The first two-
Yolanda Casica
Jun 22, 2014 rated it it was amazing
At first I couldn't decide what I thought about the story or the characters. This was about a third into the book, I suppose, so not very far in. The majority of the book does stay mysterious and sensual, which was a great tease. I'll admit I didn't believe the characters fell in love exactly when they did but individually they were terrific. The book is dark but not suffocating in the way it presents itself.

It took me a while to get into the story and when I what a story. It constant
May 29, 2009 rated it liked it  ·  review of another edition
Shelves: fantasy, horror, sci-fi
First impression: Great writing, terrible characterization, illogical plot, interesting premise, tantalizing mythology/magic/science, anticlimactic ending.

But! He comes so highly recommended!

But–but! That doesn't matter if his writing doesn't work for me.

But-but-BUT! The book is so stylized that the above negatives were probably intentional! After all, it's clearly not only a pastiche of at least three different styles/genres but also an exercise in deconstructing narrative and genre at a very b
I thought when I got to the end of this book I'd know what to think of it, but nope. I still don't know what to think. I feel like, since this is Gene Wolfe we're talking about, it must be genius and I just don't see it. Like people who somehow read Tolkien and just don't have the mindset that can appreciate the glories of his best work. Especially since people like Neil Gaiman think it's genius.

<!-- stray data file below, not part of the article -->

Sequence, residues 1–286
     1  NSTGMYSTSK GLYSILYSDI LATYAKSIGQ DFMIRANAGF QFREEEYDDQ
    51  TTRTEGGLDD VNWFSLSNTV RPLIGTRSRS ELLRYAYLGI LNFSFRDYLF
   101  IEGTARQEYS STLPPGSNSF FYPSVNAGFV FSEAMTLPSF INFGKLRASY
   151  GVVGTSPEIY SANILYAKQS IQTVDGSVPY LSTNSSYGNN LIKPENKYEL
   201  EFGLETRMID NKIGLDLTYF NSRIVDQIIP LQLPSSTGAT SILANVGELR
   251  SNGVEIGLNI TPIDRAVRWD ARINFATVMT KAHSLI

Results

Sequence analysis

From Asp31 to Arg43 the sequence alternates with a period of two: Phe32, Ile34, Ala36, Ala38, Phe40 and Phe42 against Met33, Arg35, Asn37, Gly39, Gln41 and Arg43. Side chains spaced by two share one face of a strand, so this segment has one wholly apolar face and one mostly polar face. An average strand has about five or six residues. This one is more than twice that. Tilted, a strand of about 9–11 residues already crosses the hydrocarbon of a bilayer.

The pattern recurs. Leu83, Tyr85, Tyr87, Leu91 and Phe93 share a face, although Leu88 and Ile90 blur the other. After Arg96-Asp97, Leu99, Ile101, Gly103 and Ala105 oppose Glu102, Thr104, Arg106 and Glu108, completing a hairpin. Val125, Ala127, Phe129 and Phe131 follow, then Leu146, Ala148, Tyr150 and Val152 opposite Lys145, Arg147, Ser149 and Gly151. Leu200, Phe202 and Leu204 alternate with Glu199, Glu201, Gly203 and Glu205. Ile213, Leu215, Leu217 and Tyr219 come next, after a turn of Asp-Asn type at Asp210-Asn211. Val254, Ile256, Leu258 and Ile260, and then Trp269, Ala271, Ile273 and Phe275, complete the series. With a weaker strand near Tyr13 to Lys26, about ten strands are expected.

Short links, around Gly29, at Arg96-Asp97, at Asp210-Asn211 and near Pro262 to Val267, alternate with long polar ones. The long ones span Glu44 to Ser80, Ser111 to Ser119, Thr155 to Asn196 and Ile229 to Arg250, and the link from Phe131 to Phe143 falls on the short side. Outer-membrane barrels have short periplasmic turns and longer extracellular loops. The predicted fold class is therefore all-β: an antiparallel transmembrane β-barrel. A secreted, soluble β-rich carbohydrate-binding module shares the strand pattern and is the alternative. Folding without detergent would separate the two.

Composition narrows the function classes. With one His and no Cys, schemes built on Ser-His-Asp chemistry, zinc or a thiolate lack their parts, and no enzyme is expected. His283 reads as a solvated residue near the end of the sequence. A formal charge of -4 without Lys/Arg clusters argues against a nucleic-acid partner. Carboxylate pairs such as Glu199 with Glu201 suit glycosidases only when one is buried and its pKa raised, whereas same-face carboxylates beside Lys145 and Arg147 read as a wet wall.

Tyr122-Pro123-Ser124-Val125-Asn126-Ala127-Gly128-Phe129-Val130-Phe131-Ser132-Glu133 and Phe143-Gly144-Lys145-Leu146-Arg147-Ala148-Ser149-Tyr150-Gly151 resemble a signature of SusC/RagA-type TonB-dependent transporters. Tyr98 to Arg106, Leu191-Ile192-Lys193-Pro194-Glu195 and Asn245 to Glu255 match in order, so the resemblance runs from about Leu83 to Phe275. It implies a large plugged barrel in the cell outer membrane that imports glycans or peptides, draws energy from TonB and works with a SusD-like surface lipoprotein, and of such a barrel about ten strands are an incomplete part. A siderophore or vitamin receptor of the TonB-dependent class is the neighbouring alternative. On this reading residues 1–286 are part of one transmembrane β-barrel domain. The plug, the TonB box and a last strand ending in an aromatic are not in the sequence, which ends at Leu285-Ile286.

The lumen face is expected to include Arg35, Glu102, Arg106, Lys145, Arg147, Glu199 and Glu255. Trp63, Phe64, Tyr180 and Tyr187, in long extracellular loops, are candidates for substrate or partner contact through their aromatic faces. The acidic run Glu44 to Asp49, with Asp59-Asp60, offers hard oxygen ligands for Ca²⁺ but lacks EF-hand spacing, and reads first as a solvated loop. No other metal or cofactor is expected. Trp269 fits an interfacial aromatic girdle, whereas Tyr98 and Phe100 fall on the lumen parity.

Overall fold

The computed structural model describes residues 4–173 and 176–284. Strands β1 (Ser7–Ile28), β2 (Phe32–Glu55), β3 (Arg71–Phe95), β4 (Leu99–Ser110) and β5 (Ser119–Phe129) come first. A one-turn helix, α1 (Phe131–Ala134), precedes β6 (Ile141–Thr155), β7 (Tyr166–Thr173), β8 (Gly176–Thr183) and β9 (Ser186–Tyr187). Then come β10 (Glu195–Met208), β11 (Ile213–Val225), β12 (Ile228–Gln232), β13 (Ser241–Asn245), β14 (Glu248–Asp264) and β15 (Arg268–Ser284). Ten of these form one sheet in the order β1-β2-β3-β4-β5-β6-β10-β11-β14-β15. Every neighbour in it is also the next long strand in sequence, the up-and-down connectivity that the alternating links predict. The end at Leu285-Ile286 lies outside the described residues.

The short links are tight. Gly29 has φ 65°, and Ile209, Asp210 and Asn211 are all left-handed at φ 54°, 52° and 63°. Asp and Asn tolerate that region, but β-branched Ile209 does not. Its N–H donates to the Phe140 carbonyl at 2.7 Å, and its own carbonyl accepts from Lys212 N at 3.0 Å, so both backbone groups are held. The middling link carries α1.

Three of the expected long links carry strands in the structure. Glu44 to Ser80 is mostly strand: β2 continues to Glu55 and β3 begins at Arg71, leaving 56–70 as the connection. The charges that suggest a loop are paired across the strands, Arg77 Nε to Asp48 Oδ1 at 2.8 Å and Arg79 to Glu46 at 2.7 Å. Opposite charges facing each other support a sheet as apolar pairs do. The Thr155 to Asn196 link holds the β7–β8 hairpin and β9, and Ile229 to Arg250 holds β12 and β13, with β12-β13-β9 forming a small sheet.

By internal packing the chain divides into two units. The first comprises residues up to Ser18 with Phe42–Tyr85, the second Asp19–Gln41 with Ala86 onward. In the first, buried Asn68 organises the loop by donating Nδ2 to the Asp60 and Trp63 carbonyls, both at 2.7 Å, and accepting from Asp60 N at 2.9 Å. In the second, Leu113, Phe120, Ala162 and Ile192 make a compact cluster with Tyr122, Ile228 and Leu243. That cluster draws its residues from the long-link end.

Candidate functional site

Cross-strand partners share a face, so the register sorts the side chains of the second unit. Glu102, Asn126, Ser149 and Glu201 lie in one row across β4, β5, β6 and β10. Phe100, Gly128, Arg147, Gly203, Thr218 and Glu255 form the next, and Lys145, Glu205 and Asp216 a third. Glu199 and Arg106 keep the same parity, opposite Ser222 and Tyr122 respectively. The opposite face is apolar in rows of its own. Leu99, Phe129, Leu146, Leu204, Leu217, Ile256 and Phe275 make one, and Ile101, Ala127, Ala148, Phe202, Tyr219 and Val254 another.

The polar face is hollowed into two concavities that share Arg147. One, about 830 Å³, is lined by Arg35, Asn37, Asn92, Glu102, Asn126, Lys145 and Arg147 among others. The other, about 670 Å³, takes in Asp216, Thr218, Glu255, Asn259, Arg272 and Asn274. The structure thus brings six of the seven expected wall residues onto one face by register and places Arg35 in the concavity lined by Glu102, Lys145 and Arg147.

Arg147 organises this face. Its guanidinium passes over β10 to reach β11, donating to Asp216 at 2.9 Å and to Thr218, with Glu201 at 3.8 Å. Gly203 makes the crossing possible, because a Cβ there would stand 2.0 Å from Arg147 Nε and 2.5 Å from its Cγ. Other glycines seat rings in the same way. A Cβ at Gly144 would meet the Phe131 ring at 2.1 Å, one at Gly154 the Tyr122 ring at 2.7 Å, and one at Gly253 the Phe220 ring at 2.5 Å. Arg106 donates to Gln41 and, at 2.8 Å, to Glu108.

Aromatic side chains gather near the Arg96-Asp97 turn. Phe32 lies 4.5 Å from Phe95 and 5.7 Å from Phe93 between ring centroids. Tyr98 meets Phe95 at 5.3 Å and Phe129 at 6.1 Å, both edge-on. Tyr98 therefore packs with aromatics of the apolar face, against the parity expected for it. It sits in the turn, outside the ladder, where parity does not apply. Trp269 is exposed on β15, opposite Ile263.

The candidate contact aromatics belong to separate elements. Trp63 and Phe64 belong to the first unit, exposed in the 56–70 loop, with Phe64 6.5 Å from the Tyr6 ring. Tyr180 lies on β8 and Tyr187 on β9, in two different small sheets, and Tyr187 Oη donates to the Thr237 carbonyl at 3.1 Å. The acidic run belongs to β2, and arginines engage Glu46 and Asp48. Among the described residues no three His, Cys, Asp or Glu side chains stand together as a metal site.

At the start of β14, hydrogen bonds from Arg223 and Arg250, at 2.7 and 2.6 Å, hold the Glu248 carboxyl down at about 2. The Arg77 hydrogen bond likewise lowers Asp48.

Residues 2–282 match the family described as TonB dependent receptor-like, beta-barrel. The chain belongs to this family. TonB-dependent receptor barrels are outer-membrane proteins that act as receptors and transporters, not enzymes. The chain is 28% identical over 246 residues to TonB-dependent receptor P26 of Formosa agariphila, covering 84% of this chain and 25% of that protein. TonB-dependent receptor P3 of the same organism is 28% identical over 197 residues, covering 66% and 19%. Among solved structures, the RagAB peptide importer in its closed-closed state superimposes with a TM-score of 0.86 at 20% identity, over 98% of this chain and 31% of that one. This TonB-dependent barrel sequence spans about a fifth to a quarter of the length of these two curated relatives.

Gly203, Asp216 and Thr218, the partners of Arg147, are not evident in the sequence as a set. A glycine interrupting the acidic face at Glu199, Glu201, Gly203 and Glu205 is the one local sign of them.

But. Everything else tells me that this is near-incoherent, with characters who seem devoid of inner
Oct 14, 2008 rated it it was ok  ·  review of another edition
Shelves: science-fiction, 2008
There's a lot of talking in this book. A lot. In fact, the entire thing is one endless conversation. Wolfe is a good writer so most of it is pretty clever. But some of it isn't. For example, here's a sample aphorism from one of the main characters: "Add nothing to God and you get good." Even with a laugh track, that nugget is a groaner.

I tell you, the whole thing just wore me out. At some point I lost patience with it. To paraphrase Elvis: "I need a little less conversation and little more actio
Terry Tsurugi
Maybe the weakest Gene Wolfe novel I've ever read.
Dawn Albright
Gene Wolfe is famous for his unreliable narrators. Typically, when I read one of his books, there is a moment when I realize what's really going on -- A is really B, the bad guy is the good guy, there is a time loop so the end of the action is really the beginning, probably all of them at once. Then when I finish reading I go on the internet and pick up the pieces I missed.